"This is really a radical reorganization of how elections are administered in Florida," said Mr. Sancho. "This is akin to saying we have 67 sheriffs in Florida but now they are all subject to the Florida Department of Law Enforcement, which will tell them how to police their jurisdiction."

It's also troubling that this 200-plus-page rewrite of the election law comes less than three weeks before the 2005 legislative session, too late for supervisors of elections to find sponsors for and file alternative bills. And, oddly, this whopper of a change wasn't even mentioned in a joint house-senate committee meeting on election reforms two weeks ago.

Ms. Hood, this takes some kind of nerve.

Friday, February 18, 2005

Conyers and Feingold File Their Brief

From The Free Press:

Congressman John Conyers, Jr., Ranking Member of the House Judiciary Committee, will be filing an amicus brief in the Ohio Supreme Court with the support of Senator Russ Feingold and 17 other members of the House of Representatives recommending that the Court not sanction the attorneys who brought Ohio election contest in Moss v. Bush (no.04- 2088). Mr. Conyers offered the following statement:

"The attorneys in this case had reason to believe that the election results did not reflect the will of the electorate. In good faith, they brought a case based not only on statistical probability but the depositions and affidavits of computer experts, statisticians, and election volunteers. In only a couple months, these attorneys have amassed over 900 pages of evidence.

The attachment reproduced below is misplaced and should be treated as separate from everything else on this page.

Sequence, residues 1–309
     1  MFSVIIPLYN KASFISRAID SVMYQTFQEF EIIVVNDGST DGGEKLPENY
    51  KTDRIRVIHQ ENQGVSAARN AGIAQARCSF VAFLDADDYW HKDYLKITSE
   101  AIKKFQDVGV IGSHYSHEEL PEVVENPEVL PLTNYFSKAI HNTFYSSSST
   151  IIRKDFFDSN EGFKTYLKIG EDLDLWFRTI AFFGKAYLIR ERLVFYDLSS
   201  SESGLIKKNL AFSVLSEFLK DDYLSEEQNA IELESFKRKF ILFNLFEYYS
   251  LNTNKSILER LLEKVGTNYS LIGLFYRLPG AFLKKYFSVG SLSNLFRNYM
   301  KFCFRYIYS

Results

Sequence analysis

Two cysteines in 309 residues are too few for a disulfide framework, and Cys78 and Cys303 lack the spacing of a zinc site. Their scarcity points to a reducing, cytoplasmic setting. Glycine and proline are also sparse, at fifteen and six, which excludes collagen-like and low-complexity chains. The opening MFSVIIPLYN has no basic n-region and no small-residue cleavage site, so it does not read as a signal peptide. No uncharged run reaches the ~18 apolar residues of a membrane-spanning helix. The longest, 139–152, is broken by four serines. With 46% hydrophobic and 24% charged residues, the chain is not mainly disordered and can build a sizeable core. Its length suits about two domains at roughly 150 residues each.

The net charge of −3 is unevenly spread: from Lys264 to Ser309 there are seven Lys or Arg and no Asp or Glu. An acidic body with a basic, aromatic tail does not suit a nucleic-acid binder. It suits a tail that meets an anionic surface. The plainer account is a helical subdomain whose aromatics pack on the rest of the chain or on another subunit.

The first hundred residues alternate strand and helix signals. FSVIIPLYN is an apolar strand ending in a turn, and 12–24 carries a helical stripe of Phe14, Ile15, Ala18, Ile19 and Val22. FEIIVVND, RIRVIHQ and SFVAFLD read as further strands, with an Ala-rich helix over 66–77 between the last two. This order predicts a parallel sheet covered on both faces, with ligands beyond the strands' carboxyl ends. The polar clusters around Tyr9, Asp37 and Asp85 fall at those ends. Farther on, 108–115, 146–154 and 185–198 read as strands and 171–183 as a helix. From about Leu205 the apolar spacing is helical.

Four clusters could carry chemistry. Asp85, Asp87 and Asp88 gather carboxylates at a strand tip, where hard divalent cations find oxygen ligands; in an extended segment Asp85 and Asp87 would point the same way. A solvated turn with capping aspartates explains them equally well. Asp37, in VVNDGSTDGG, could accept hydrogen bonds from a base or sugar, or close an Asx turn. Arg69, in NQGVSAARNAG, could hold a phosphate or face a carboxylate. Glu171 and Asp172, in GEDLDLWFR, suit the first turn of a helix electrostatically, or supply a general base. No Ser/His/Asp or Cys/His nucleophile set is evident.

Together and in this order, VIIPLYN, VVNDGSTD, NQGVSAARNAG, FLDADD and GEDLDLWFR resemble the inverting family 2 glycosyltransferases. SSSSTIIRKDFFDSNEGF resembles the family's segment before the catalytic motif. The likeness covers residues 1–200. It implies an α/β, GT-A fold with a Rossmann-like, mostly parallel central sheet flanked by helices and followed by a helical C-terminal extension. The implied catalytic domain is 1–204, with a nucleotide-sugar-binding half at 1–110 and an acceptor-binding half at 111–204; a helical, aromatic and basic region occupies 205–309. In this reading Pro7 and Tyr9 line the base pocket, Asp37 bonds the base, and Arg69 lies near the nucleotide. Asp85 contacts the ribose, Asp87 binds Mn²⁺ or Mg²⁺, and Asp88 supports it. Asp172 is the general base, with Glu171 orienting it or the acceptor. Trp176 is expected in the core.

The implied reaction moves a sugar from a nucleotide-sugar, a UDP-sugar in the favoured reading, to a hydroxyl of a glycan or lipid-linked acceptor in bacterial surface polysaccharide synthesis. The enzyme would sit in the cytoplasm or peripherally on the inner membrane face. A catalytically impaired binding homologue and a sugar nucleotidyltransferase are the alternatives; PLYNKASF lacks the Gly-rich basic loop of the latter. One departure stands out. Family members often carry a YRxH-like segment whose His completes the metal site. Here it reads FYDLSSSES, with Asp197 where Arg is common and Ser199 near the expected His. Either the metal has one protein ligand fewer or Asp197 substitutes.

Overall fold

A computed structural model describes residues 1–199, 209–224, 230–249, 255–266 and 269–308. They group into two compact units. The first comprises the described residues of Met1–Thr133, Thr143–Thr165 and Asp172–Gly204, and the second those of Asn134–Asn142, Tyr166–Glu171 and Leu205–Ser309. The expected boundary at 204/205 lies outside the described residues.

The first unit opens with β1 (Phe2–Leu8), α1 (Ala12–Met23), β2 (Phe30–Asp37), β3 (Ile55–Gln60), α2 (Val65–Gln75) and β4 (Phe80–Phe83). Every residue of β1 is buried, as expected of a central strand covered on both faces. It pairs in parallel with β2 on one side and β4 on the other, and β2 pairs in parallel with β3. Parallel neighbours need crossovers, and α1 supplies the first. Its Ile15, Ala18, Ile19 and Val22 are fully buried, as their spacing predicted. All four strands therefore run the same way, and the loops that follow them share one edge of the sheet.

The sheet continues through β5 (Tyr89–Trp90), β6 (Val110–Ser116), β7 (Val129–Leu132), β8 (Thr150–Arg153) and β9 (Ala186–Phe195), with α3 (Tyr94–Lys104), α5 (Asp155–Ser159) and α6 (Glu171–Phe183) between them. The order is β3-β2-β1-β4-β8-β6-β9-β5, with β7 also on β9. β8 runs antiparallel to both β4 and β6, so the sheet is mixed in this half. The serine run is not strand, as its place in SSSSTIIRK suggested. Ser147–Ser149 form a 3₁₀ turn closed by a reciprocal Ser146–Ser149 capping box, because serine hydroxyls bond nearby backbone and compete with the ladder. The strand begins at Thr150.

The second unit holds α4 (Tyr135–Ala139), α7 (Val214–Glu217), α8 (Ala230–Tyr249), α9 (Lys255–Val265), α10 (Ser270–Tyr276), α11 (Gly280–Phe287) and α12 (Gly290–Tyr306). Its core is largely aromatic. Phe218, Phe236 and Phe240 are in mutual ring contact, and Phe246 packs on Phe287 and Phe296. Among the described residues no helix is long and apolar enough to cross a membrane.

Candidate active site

"While we take no opinion on the underlying case, we firmly support the right of citizens to challenge elections results in court when they have a good faith basis to do so. Truly, Secretary Blackwell's attempt to sanction these attorneys is meant to send a message to anyone who dare challenge his questionable election administration. For our democracy to work properly, we can't allow this sort of intimidation by state officials.”

And more from the Free Press:

More on the Ohio Attorney General's attempt to sanction lawyers and its unintended consequences plus Congresswoman Jones' outrage at Kenneth Blackwell.

Happy Holiday!

Sen. Hillary Rodham Clinton, a possible White House candidate in 2008, joined 2004 nominee John Kerry and other Democrats Thursday in urging that Election Day be made a federal holiday to encourage voting.

She also pushed for legislation that would allow all ex-felons to vote.

Standing with Massachusetts Sen. Kerry and other Democrats who had alleged voting irregularities in the 2004 contest, Clinton said, "Once again we had a federal election that demonstrates we have a long way to go."

"I think it's also necessary to make sure our elections meet the highest national standards," said the New York senator.

In addition to creating a federal holiday for voting, the bill would:

--Require paper receipts for votes.

--Authorize $500 million to help states make the changes in voting systems and equipment.

--Allow ex-felons to vote. Currently an estimated 4.7 million Americans are barred from voting because of their criminal records.

--Require adoption of the changes in time for the 2006 election.

Boxer said the bill "is meant to ensure the election debacle of 2000, and the serious election irregularities of 2004, never ever happen again."

Both parties have called for changes to ensure a more accurate vote count. Republican efforts have centered on reducing voter fraud, while Democrats have called for making access to the ballot box easier and simpler.

Monday, February 14, 2005

Isolated Pro Bush Incident "Explained"

The maker of Franklin County's election machines has pinpointed the error that made a laptop computer give thousands of extra votes to President Bush on election night: Just like any overworked and distracted human, the machine was trying to do too much at once.